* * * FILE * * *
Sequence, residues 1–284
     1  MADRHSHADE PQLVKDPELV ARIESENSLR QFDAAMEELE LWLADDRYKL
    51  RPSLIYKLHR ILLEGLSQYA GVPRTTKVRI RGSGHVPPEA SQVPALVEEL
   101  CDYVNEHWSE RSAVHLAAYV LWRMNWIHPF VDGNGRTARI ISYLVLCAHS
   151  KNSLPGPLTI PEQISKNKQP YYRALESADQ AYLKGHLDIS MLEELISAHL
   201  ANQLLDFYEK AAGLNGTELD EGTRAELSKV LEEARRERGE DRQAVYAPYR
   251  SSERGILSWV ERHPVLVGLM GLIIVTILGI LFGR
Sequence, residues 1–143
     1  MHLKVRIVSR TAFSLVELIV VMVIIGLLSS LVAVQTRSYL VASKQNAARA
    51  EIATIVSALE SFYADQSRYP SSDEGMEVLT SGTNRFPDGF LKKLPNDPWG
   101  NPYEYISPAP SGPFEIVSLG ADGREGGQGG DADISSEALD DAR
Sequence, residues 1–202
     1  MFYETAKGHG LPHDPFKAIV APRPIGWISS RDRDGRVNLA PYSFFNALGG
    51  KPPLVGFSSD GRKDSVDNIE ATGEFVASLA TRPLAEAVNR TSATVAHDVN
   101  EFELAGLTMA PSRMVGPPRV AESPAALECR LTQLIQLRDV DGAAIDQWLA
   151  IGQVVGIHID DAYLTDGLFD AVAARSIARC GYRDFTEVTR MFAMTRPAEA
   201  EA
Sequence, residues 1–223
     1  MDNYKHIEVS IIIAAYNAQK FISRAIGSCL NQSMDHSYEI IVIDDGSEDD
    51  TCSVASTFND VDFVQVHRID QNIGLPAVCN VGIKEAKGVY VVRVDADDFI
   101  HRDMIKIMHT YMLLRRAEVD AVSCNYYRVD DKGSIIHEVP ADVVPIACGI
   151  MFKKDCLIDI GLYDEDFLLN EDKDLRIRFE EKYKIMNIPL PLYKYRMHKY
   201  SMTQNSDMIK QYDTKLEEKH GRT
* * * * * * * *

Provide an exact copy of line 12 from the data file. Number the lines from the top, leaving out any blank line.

Sequence, residues 1–202